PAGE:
Title:
Competitive strategy gaming apparatus
Kind Code:
A1


Abstract:
A strategy game to be played in competition by multiple players. The game includes a map, partitioned into a grid of hexagonal cells, and accompanying game elements to be placed and interacted with on the grid. The game includes means of play designed to maximise the player's utilisation of strategic decision making skills to achieve tactical and logistical superiority.



Inventors:
Guttwein, Tyson Allen (Newton, NJ, US)
Application Number:
11/598594
Publication Date:
05/15/2008
Filing Date:
11/13/2006
Primary Class:
Other Classes:
273/242
International Classes:
A63F3/00
View Patent Images:



Primary Examiner:
MENDIRATTA, VISHU K
Attorney, Agent or Firm:
Tyson, Guttwein (122 Wolf's Corner Road, Newton, NJ, 07860, US)
Claims:
I claim:

1. A competitive strategy gaming apparatus comprising: (a) a playing surface of predetermined area overlaid by a grid comprising a plurality of cells that may contain indicia representative of predetermined function; (b) a plurality of asset elements that are representative of objects that may be placed within said cells and thereupon interacted with by the users, and may contain indicia representative of predetermined function, value, and propriety; (c) a plurality of strength elements that may be combined with said asset elements and thereof represent increased longevity of use of said asset elements; (d) a plurality of resource elements representative of resources that may be accumulated and expended by the users.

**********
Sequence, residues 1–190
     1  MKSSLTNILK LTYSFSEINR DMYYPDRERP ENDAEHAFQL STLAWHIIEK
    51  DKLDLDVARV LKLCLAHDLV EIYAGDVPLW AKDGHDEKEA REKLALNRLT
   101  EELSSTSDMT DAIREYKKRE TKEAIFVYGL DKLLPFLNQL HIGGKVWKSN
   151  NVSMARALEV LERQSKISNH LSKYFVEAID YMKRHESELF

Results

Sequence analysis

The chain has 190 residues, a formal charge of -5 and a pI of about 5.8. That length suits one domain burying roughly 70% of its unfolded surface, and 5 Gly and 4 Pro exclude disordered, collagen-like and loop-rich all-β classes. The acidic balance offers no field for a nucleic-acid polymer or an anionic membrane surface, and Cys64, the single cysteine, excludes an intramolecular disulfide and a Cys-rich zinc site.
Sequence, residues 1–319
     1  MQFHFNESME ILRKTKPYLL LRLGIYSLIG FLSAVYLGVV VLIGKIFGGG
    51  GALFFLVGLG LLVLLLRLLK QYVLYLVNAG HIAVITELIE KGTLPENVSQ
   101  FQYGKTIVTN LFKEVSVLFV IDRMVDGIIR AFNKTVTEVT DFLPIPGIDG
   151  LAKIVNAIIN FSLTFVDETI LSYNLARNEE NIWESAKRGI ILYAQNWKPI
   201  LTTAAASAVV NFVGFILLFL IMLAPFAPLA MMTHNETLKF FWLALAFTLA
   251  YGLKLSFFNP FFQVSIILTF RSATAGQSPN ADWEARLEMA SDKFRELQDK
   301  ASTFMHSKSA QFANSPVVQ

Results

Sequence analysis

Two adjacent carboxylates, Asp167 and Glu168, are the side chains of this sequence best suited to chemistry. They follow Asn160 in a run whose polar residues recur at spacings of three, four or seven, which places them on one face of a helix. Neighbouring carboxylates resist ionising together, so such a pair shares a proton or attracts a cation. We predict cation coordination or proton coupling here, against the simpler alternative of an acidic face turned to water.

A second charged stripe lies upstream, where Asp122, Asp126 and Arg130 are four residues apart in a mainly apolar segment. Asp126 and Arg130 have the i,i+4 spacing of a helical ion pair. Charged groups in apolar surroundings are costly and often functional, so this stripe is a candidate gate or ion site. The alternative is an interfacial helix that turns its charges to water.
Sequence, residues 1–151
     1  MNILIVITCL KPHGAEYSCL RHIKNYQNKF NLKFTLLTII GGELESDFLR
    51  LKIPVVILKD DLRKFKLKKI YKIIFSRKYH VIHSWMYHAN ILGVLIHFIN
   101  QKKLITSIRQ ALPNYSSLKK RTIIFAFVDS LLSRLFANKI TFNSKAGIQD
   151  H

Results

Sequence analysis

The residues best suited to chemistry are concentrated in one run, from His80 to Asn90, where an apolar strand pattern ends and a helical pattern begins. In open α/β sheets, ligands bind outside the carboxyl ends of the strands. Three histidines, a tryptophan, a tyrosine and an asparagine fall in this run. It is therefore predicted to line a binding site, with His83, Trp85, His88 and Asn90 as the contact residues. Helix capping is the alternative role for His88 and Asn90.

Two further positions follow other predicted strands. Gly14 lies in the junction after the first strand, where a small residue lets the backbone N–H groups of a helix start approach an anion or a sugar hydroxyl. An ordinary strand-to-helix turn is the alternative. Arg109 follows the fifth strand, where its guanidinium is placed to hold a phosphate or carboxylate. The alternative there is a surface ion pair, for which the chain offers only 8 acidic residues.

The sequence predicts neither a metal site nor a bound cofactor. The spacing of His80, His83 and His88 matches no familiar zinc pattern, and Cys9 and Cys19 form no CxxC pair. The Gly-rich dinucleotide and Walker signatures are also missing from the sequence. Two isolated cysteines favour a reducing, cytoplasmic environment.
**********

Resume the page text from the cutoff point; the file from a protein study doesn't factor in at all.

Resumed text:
2. The said competitive strategy gaming apparatus of claim 1 wherein said cells have six sides.

3. A means of using said competitive strategy gaming apparatus of claim 1 wherein conflict resolution is determined solely by the skill of the users, thereby negating the necessity of randomly generated results.

4. A means of using said competitive strategy gaming apparatus of claim 1 wherein said asset elements may function cooperatively, thereby dynamically increasing strategic importance of their position on said surface.

5. A means of using said competitive strategy gaming apparatus of claim 1 wherein said resource elements may be accumulated and expended by the users towards the purpose of introducing additional said asset elements on said surface or increasing the strength of said asset elements, both subsequent to the art's initiation of use, thereby combining the strategic elements of conflict resolution and resource management.